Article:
By BUUMBA CHIMBULU
THE current shortage of clear beer in Lusaka has been triggered by the shutdown of production owing to the installation of new equipment at Zambian Breweries.
Zambian Breweries Corporate Affairs Director, Ezekiel Sekele, said the installation of new equipment would take the next 10 days.
He said normal supply would resume next week before another shut down for a similar exercise next month.
Mr Sekele explained in an interview yesterday that the plant in Ndola was also recently shut down for 10 days for the capacity expansion programme.
He said the capacity expansion programme was delayed by a year due to Covid-19 as the company was unable to bring in engineers to install the new equipment imported from China.
The exercise, he said, was supposed to be done in April last year.
Mr Sekele however stressed that the shortage was temporal and that stable and normal supply was expected starting July going into September as the company would equate demand to supply.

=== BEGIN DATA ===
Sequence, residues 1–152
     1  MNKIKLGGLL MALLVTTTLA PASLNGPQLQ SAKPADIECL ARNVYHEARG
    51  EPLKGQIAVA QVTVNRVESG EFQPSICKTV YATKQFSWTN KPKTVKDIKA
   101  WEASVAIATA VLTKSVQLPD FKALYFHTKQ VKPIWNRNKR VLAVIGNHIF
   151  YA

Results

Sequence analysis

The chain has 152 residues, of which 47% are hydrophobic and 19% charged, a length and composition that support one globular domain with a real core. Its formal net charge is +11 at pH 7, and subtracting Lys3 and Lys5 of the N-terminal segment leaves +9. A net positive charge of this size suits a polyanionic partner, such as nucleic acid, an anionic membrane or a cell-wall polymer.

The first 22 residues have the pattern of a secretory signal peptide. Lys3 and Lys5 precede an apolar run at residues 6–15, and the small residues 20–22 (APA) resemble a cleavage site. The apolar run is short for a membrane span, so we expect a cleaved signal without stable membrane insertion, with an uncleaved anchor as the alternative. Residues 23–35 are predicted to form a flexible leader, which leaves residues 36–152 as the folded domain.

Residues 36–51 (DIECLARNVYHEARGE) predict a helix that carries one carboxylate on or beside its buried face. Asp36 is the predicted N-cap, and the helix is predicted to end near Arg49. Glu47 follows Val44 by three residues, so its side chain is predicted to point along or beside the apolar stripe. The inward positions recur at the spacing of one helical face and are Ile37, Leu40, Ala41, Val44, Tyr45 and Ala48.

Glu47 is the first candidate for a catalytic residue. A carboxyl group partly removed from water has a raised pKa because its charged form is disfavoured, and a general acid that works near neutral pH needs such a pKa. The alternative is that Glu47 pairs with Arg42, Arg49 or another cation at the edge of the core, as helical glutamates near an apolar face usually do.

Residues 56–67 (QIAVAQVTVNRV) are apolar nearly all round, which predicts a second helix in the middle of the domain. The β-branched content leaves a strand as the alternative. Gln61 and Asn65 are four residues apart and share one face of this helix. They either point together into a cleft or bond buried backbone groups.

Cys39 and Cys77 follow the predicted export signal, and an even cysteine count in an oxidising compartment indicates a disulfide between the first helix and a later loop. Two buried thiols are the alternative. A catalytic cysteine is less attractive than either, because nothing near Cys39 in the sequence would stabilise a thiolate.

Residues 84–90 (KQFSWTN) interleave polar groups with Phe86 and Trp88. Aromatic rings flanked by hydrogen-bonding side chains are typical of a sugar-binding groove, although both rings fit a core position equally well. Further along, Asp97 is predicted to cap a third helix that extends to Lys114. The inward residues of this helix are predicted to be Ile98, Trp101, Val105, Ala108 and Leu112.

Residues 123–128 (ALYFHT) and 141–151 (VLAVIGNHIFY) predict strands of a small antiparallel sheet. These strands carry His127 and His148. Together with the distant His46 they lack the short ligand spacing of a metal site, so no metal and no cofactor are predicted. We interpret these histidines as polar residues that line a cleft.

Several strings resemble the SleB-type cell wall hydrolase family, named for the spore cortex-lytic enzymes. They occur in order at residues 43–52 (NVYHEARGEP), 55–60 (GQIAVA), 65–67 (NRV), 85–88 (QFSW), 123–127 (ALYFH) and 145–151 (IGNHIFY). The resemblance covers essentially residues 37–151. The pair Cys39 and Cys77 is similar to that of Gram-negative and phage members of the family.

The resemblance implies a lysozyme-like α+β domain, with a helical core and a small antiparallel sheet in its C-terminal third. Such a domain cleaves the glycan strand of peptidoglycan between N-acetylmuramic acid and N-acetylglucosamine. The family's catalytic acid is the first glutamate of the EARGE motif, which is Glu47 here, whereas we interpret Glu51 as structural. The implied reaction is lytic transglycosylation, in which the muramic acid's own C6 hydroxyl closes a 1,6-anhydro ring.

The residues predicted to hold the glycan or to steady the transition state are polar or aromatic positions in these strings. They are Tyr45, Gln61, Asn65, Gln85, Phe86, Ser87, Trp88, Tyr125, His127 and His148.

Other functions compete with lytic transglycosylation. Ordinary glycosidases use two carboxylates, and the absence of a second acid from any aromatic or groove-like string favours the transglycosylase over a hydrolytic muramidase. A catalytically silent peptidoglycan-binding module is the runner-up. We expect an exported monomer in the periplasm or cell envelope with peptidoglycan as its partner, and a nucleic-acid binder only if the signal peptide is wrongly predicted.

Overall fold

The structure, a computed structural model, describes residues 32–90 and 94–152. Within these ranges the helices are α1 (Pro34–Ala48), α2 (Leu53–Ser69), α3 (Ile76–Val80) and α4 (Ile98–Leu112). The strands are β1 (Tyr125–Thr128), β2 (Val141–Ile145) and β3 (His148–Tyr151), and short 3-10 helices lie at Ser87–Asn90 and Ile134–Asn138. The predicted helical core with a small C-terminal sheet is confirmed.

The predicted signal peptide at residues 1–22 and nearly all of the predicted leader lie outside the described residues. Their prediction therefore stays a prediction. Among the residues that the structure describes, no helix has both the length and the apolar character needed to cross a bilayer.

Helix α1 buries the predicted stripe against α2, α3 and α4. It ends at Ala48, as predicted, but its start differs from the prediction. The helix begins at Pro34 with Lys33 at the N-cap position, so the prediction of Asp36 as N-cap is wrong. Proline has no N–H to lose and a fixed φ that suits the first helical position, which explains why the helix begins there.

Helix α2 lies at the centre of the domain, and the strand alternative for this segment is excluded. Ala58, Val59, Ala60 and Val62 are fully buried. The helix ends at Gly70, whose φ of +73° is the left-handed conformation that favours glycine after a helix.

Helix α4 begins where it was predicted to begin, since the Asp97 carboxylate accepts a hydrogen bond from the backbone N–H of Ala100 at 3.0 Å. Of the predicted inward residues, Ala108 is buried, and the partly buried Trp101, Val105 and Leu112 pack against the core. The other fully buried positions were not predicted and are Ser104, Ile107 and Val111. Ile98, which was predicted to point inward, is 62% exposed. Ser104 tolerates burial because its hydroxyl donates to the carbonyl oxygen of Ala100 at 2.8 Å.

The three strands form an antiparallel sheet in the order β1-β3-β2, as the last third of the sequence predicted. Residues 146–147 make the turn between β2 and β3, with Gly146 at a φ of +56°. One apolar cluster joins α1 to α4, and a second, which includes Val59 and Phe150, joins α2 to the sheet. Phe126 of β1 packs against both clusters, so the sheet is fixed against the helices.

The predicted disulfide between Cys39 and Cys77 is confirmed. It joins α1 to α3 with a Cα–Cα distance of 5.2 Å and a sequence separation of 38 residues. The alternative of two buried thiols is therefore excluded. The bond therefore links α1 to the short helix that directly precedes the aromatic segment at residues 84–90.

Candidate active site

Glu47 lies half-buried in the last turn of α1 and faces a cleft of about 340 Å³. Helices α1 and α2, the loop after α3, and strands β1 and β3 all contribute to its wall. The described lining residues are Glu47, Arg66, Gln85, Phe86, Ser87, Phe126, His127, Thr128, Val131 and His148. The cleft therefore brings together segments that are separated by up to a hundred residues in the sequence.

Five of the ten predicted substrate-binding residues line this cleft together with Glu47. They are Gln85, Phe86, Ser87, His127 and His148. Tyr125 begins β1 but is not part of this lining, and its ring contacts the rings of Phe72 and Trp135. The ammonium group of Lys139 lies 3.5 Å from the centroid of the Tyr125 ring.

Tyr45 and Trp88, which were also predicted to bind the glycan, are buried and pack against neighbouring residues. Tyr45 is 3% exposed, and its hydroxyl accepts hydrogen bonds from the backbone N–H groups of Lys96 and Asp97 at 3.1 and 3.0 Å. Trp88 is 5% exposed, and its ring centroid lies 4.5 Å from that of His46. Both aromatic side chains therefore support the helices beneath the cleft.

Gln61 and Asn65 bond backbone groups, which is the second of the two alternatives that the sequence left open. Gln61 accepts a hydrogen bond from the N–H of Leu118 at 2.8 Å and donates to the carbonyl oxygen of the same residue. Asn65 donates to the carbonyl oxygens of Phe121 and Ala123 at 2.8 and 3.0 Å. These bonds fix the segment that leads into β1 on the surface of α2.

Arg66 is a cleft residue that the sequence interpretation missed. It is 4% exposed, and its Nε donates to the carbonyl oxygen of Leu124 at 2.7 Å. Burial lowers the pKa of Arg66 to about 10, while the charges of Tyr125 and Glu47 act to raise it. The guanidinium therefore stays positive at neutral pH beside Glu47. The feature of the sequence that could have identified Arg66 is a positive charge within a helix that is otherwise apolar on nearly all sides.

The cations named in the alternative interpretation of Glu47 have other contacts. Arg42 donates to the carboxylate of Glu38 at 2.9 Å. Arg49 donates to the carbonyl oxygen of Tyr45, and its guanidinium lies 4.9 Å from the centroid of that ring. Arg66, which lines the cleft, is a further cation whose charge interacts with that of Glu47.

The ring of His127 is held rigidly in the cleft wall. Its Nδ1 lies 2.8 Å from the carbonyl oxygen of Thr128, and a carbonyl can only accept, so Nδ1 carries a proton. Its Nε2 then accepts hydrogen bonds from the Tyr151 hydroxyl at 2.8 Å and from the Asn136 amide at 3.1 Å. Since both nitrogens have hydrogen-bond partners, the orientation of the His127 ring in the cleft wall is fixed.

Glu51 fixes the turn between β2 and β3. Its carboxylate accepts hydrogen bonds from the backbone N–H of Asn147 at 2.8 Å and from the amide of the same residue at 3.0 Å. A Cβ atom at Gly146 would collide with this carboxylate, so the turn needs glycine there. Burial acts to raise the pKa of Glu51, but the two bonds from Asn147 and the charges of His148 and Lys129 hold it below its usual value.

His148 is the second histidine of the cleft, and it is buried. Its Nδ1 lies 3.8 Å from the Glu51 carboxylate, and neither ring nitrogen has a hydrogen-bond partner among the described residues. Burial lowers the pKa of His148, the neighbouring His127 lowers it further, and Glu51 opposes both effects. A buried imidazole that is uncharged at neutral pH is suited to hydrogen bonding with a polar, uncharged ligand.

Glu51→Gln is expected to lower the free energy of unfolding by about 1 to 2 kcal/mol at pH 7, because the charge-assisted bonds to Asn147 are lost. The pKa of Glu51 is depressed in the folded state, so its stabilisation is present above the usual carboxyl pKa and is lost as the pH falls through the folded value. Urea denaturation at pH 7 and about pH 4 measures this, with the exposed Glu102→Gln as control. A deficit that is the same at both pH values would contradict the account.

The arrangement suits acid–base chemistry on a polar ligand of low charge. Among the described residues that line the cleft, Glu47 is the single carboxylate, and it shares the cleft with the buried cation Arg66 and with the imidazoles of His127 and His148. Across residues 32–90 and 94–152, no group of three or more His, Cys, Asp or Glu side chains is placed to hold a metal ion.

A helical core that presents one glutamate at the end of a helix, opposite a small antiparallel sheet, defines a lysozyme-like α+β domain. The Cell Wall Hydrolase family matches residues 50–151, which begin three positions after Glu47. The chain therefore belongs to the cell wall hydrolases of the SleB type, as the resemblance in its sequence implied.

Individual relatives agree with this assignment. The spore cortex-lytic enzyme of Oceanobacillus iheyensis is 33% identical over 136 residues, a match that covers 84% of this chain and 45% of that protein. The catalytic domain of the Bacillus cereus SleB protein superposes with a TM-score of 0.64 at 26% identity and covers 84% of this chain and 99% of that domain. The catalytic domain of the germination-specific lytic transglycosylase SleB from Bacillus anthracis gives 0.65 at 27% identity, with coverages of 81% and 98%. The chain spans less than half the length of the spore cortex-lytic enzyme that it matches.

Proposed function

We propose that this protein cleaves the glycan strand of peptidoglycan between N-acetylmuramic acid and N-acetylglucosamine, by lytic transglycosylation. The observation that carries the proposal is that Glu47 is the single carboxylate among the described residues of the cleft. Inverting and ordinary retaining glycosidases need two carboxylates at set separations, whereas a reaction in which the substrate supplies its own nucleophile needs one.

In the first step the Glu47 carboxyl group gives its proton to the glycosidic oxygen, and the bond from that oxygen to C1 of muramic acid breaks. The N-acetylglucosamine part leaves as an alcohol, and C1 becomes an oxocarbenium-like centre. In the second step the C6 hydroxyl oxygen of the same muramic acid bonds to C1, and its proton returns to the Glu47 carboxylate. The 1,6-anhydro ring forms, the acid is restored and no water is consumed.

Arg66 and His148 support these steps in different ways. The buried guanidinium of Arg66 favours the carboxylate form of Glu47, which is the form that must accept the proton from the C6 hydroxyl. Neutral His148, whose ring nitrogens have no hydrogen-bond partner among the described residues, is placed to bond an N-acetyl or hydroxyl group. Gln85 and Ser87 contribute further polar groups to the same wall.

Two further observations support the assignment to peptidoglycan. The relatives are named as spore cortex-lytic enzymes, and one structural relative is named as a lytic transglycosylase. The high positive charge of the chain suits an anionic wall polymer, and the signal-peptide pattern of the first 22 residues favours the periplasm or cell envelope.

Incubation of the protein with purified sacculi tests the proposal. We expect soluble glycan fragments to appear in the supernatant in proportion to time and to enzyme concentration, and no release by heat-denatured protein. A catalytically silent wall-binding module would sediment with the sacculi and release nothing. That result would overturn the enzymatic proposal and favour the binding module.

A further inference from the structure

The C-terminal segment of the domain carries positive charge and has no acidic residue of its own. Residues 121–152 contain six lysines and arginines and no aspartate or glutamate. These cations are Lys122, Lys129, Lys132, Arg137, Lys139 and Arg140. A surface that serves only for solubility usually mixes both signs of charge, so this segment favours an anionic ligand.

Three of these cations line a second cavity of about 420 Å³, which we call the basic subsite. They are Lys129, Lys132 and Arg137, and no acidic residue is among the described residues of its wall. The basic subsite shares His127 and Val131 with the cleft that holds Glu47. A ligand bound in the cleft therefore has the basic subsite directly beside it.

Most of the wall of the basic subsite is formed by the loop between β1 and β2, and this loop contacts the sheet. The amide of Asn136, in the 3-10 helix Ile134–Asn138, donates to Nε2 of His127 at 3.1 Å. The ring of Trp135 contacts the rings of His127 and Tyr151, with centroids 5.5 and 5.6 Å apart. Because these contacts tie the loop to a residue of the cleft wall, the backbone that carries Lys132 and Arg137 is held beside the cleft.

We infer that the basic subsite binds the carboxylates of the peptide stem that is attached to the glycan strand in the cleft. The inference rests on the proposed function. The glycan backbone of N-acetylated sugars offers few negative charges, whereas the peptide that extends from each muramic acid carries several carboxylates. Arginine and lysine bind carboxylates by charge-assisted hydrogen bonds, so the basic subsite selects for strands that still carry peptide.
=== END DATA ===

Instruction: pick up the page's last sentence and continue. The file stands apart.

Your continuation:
“In Lusaka, as I am speaking to you now, for the next 10 days starting from today until mid-early next week, our plant is undergoing shut down. This is a period in which we are going to connect the new equipment as part of the whole production and supply network within the plant.
“This takes times, so it will take about 10 days and there will be another shut down in June next month for the same period. This is because we have invested into production capacity, we have put in US$20 million into production capacity and this investment is one year behind,” Mr Sekele said.
Mr Sekele said the industry has been growing year in, year out forcing the company to significantly invest in its production capacity.
To catch up with demand, he said, the company had been investing significantly in the production capacity over the last 10 years.
“In terms of shortages of clear beer in the market, we agree there is a challenge of supply of clear beer stock currently. So during this time, two things will happen, yes shortages will be there but we have produced adequate stock to be able to go into the market,” Mr Sekele said.